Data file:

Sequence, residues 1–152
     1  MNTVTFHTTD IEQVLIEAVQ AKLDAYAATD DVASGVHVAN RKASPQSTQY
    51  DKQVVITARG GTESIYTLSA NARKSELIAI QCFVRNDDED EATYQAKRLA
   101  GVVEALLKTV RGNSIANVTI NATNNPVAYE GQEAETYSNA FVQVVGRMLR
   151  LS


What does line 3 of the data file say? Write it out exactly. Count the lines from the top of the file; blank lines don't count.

    51  DKQVVITARG GTESIYTLSA NARKSELIAI QCFVRNDDED EATYQAKRLA